To investigate how effectively positive selection enhances yield and underlying crop characteristics, positive selection was compared with farmers’ seed selection for up to three seasons in three field trials at different locations. Across all experiments, seasons and seed lots, yields were higher under positive selection than under farmers’ selection. The average yield increase resulting from positive selection was 12%, but yield increases were variable, ranging from –5.7% to +36.9%, and in the individual experiments often not significant. These yield increases were associated with higher yields per plant, and mostly higher weights per tuber, whereas the numbers of tubers per plant were not significantly different. Experimentation and yield assessment were hampered by a varying number of plants that could not be harvested because plants had to be rogued from the experimental plots because of bacterial wilt (more frequent under farmers’ selection than under positive selection), plants disappeared from the experimental field and sometimes plants did not emerge.
To evaluate costs and benefits of positive selection in order to assess its feasibility and affordability, data from the smallholder farms in the four farm types were used for an economic analysis. It showed that farms that already adopted positive selection, invested on average 1.2 extra days (i.e. 2.7 extra labourer days) per acre in positive selection, with an average of 4.0% extra labour costs. A scenario study among the non-adopters of positive selection, assuming a 10% extra yield by carrying out positive selection, showed that a marginal rate of return of adopting positive selection of far above 100% was achieved in every farm type. Gross and net benefit varied because of different yield increases and different selling prices of potatoes in the different farm types, indicating that some farm households benefitted more than others.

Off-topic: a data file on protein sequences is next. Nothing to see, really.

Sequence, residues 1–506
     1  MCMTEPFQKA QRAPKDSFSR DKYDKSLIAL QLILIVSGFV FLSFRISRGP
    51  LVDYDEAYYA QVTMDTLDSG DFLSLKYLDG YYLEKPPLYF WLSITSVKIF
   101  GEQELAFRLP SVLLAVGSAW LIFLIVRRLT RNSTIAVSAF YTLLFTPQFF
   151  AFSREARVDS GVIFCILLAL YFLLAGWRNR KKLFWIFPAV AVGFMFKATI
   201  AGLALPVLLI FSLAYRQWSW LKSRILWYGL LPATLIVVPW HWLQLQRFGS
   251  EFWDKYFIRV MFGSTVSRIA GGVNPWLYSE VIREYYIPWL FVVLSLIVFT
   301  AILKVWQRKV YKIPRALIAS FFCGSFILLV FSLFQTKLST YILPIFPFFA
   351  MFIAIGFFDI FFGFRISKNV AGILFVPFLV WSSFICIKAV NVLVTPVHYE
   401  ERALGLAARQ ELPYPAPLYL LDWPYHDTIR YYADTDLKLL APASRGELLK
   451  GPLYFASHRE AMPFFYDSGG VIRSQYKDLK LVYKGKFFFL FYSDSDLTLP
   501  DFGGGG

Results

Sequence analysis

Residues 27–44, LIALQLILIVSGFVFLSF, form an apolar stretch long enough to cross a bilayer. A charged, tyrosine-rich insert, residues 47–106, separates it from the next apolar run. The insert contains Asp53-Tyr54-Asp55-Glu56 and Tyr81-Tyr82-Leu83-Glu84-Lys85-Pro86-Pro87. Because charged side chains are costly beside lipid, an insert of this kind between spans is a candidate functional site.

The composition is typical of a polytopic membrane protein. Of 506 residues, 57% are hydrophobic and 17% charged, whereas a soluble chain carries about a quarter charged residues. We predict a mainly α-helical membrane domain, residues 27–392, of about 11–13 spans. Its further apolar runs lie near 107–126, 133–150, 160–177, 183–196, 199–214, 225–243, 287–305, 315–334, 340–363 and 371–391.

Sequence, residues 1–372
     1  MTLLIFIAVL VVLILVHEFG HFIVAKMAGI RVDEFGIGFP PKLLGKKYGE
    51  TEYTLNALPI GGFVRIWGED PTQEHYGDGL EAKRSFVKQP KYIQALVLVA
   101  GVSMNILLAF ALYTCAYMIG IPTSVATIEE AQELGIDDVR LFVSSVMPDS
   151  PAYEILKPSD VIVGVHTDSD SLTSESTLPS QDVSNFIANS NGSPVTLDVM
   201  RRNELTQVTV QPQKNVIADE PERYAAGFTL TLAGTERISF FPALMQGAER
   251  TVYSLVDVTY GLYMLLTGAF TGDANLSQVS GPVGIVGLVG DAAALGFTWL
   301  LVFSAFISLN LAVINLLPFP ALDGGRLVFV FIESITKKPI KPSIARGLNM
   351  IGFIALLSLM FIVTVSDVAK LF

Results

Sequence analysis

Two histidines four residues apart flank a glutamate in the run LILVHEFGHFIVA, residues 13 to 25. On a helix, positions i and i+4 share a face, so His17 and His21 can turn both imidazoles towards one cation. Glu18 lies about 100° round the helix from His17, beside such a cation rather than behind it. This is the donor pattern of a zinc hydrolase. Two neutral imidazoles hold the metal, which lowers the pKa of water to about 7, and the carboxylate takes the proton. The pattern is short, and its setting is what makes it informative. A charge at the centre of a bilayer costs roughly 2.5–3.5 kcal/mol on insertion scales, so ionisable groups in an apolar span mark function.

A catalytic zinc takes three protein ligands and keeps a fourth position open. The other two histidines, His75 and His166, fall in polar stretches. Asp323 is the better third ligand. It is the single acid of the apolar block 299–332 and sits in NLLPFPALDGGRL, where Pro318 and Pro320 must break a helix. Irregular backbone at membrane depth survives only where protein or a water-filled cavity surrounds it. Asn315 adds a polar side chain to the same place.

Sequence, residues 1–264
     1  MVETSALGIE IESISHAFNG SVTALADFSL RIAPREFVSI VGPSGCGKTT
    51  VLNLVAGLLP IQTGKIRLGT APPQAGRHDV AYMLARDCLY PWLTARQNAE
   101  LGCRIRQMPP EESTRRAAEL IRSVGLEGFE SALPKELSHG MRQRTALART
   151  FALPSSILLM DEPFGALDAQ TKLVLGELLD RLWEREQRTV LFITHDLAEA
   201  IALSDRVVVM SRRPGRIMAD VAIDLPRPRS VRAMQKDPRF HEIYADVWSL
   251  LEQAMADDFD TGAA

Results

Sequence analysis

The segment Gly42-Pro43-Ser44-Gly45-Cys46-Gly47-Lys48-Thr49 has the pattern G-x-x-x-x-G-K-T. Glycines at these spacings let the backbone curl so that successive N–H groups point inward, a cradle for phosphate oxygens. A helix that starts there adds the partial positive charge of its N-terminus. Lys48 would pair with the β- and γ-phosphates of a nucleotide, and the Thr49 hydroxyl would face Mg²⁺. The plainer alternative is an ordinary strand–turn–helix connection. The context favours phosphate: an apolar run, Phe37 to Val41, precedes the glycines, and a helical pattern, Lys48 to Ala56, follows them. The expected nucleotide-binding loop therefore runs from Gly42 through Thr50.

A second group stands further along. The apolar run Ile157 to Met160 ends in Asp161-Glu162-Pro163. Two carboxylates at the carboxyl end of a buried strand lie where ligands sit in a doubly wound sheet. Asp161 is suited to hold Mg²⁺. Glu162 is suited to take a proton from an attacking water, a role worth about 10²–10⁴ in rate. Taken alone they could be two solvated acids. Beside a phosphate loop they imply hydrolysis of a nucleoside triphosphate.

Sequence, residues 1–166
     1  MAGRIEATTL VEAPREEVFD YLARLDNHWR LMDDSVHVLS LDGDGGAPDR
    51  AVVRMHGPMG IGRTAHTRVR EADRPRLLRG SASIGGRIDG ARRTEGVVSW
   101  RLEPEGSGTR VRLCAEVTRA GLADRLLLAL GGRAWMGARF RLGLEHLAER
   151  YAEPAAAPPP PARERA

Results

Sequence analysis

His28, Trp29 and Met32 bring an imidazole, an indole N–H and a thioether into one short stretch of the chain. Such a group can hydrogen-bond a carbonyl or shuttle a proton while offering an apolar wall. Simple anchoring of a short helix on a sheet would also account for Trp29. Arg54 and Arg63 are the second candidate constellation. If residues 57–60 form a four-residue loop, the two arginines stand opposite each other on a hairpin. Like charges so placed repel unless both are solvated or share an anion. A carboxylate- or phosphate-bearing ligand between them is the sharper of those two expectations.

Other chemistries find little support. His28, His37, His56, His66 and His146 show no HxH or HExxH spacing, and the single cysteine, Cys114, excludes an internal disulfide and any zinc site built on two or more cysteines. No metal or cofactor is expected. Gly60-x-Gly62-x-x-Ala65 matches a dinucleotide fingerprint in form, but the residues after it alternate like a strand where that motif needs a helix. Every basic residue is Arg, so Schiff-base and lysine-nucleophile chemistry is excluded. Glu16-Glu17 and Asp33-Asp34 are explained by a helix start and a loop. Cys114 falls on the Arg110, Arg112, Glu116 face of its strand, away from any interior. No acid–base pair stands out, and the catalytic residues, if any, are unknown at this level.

The present study shows that positive selection does fit in the current seed system for smallholder farmers and has the capacity to increase yield and reduce viruses with visible symptoms compared to farmers’ selection. Positive selection being part of the informal and integrated seed sector will help improve seed quality and seed health in farmers’ networks.
A Farm Typology for Adoption of Innovations in Potato Production in Southwestern Uganda
Priegnitz, Uta ; Lommen, Willemien J.M. ; Onakuse, Stephen ; Struik, Paul C. - \ 2019
Frontiers in Sustainable Food Systems 3 (2019). - ISSN 2571-581X - 15 p.